She described an encounter with a government employee who said “I work for the lobbyer so we’re all that we care about.”

Teasdale said that as the presence of minorities in CSUs has grown, the cost of tuition has also risen, which she said indicated a systematic attack on students of color.

“As a future teacher, I’m fighting for my students. As a future parent, I’m fighting for my kids. As a student myself, I’m fighting for my rights,” Teasdale said. “Students suffer from food insecurity, one in ten suffer from homelessness. If this fee goes through, those numbers are going to be even more detrimental to the community.”

Xico Gonzalez and Dominic Porras, Sac State alumni, partnered with the Sol Collective, a collaborative Sacramento-based studio, to design art for the protest, where they were hand-crafting posters using silk-screen printing techniques.

Gonzalez said he worked on banners and designs, which included portraits of Martin Luther King Jr., whose assassination occurred 50 years prior to the day of the rally, and other revolutionary figures.

Porras developed an app that allowed for what he called an “augmented reality viewing of art” around the Capitol, including Gonzalez’s prints and the SQE logo.

When opened, the app played a short documentary video detailing the life of iconic revolutionaries such as Martin Luther King, Jr. Other subjects included Afghani revolutionary feminist Meena Keshwar Kamal and Brazilian author and philosopher Paulo Freire.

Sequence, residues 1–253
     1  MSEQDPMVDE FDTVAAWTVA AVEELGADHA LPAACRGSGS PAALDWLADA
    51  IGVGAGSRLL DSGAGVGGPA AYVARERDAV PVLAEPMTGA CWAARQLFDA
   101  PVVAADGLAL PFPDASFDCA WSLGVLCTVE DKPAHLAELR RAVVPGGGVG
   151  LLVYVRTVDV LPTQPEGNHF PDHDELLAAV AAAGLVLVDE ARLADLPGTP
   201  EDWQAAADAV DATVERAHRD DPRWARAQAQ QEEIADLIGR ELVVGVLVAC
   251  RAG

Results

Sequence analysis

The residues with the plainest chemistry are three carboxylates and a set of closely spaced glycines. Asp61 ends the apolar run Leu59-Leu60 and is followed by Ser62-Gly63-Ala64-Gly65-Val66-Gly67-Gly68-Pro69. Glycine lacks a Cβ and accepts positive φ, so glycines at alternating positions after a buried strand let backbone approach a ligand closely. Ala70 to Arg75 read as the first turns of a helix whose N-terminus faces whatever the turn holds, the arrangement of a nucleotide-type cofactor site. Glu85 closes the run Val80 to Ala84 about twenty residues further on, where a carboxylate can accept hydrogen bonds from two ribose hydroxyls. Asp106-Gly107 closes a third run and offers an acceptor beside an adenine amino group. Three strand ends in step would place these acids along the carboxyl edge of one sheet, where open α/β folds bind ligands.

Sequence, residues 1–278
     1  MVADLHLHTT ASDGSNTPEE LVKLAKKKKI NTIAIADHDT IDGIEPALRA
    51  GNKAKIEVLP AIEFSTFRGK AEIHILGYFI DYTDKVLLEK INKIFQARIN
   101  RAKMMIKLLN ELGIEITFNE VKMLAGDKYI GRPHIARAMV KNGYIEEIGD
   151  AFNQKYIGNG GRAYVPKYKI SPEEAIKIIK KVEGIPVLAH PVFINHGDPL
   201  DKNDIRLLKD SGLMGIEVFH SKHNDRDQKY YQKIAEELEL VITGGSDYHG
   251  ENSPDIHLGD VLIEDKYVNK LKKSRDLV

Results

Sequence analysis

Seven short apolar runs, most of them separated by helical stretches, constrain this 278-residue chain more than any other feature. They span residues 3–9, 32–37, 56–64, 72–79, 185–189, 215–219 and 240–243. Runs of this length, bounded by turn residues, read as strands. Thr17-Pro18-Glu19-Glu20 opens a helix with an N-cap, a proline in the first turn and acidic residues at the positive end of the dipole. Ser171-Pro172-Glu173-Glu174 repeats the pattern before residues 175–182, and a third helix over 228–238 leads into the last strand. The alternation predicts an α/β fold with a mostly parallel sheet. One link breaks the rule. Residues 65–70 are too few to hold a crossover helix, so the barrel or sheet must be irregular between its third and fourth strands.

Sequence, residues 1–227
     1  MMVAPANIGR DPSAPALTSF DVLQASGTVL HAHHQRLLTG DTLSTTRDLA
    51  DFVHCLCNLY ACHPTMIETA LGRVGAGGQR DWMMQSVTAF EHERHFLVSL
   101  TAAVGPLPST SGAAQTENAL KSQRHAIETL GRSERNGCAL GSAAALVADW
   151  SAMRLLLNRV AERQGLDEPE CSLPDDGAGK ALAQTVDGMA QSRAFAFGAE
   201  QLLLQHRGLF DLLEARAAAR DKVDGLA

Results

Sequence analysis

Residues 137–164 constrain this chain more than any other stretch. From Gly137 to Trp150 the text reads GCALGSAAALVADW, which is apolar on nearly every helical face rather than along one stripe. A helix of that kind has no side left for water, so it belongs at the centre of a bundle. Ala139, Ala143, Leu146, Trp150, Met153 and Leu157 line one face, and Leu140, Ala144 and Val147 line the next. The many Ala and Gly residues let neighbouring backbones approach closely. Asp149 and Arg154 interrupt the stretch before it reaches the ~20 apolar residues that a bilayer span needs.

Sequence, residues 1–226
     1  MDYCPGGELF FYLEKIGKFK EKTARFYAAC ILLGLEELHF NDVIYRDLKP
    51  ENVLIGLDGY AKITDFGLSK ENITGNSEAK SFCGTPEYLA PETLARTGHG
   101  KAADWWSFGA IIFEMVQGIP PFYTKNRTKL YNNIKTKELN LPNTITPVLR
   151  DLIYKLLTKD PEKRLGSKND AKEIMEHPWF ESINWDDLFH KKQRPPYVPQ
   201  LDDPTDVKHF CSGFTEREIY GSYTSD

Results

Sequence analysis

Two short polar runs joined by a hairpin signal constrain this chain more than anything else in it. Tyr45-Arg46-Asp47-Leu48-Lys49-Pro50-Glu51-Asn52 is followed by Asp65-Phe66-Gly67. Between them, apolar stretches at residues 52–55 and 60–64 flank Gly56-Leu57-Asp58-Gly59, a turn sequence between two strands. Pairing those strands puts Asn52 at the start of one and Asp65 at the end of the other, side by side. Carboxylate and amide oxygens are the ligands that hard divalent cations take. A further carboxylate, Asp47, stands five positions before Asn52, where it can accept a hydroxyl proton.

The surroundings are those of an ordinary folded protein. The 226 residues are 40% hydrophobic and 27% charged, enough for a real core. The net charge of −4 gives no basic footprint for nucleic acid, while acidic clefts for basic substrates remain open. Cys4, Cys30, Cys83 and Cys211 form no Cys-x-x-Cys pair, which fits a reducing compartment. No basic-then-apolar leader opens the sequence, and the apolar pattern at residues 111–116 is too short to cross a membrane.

“It’s sponsored by Sol Collective, and so we worked together to create this to help bring icons back into the circle, because a lot of times we don’t get a chance to study these icons in our classes, or if we do it’s a very, very, brief mention of them,” Porras said.

“If you think about it, it’s kind of like an ethnic studies crash course,” Gonzalez said. “My hope is for (the students) to try to emulate what they were about and what they gave their lives to.”

Maggie White, the president of the Cal State Student Association, attended the protest to show her support.

“I think that students, faculty, staff, coming together and all of our stakeholders being together, it sends a powerful message that we’re not going to stand for this and it’s unnecessary to have tuition increases when the state has money,” White said. “There is more money from the tax revenue than the governor expected, it just depends what he wants to prioritize this year.”

Hector Fernandez, the director of skill trades for the Teamsters Union, said that his organization represents many CSU administration and staff and he was worried that the funding gap could mean layoffs for college employees.

“Less pay increases, less capability to help students graduate on time,” Fernandez said. “We deal with all the maintenance on the campus, and so less funding causes problems with deferred maintenance. You have issues with the classroom shutting down, buildings shutting down, so it impacts students, it impacts us as a whole.”

Fernandez said that cutting education services will eventually end up negatively affecting the economy, so he was glad to see pressure being put on the legislature to fully fund the CSU.

Quintana introduced poets and singers to the crowd of red-shirted protesters who told stories of the struggles of being a minority or facing poverty while dealing with the demands of college.

Eric Kupers, a professor of dance and theater at Cal State East Bay, brought the Inclusive Interdisciplinary Performance Ensemble, which he directs, to perform.

His students performed a mixture of spoken word, song, and interpretive dance.

“That vocalization, that expression, that way we connect as a community, as an us . . . (poetry) puts it in words where people can say, ‘yeah, I felt that but didn’t know how to express it,’ ” Quintana said.

Correction: In a previous version of this article, The State Hornet reported that Robert Nelsen had met with Assembly Speaker Pro Tem Kevin Mullin. We apologize for this error.